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When your adopted teen has a sudden change of staff.

We have a great deal of parents of traumatised adopted teens who struggle at school.

when your adopted teen has a sudden change of staff

Their troubles are often to do with the ways school run and how tricky things can be to negotiate when you have had a lot of early traumas, prior to adoption.

One of our adoptive parents has written a really helpful, insightful piece on how it is for our adoptive young people facing staff changes in school.

It can be a HUGE problem. This short piece from the adopted young persons point of view,  covers many of the reasons why: -

"I am a traumatised young person with attachment issues and sensory modulation problems. My world is a very scary place.

In my early years my life was unpredictable and unsafe and my physical and emotional needs were not met. To survive I adopted strategies which, although they are now no longer needed, have become so much a part of me that I cannot abandon them. At times of stress they can be triggered automatically and often produce a response way out of proportion to the actual situation. This is because my body spent so long living with danger that it can respond to everyday circumstances as major threats.

My internal working model is that all adults are unsafe and are likely to let me down, cause me harm or, if I let them get too close, disappear without warning. It is very hard for me to develop a trusting relationship and can take a seemingly impossible length of time.

However, when I have no access to a "safe" person I am likely to be permanently on the alert for danger. This sends me into "survival mode" and it is not possible for me to do anything other than survive in this mode. I cannot access my thinking brain, I cannot learn anything, and my responses are largely outside of my own control. It is very frightening for me.

When someone I have considered to be a "safe" person seems to have let me down this reinforces my belief that all adults are unsafe and cannot be trusted, hence making it even harder for me to make other relationships. It also shakes my confidence in my own ability to make and sustain relationships and my ability to discern who is an appropriate person to develop a relationship with. It can also make me feel that I am not worthy of anyone having a relationship with me.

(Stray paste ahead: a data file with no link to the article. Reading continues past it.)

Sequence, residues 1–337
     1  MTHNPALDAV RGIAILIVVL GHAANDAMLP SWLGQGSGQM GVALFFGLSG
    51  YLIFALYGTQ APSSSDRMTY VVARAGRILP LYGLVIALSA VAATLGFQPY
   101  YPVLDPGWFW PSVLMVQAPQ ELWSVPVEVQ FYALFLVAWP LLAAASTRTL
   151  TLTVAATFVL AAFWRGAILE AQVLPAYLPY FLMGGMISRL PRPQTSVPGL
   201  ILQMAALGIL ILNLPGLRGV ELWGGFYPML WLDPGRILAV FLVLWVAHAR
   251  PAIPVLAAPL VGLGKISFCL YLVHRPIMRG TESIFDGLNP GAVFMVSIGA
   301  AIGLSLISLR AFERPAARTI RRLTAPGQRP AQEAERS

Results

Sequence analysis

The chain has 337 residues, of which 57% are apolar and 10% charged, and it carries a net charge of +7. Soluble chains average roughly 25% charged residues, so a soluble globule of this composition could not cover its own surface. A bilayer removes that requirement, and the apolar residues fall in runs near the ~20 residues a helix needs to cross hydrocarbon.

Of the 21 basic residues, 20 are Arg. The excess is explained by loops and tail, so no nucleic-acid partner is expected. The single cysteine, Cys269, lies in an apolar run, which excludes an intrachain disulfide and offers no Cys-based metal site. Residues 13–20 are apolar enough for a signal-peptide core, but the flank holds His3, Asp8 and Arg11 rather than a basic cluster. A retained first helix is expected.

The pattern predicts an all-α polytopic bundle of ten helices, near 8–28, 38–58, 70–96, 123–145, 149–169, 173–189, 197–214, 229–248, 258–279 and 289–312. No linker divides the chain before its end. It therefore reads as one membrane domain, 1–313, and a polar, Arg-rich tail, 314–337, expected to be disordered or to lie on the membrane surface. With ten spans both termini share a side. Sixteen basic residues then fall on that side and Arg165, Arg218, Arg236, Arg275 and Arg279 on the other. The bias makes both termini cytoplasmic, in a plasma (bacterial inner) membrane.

Because I have a long history of loss, rejection and being let down, when this seems to have happened to me again it can reactivate grief from previous losses. It can also lead me to question other relationships in my life. Therefore, I need as much support as possible with changes in key people around me.

My sensory modulation problems make me prone to cumulative overload. Because it is a cumulative process, which is also impacted, amongst other things, by my emotional state (including how safe I feel), I never know when it is going to happen. It is very frightening, and I rely on adults around me who know me well enough to read the sometimes very subtle signs and to take the appropriate action for me. If this doesn't happen then I take my overload home and it comes out in an explosion.

It takes me more than 1 day to recover from a big overload, so they can get progressively worse over a term since each successive day starts with me being already partially overloaded. Because of my trauma history, the fear and anxiety about being in overload can also trigger me into a survival state, which again means that I cannot learn anything or access my thinking brain.

It is a major challenge for me making it through every day and I rely heavily on the help and support of trusted "safe" people. Therefore, I need very high levels of support in relation to staff changes."

If you are an adoptive parent and would like to join our group please visit our membership page


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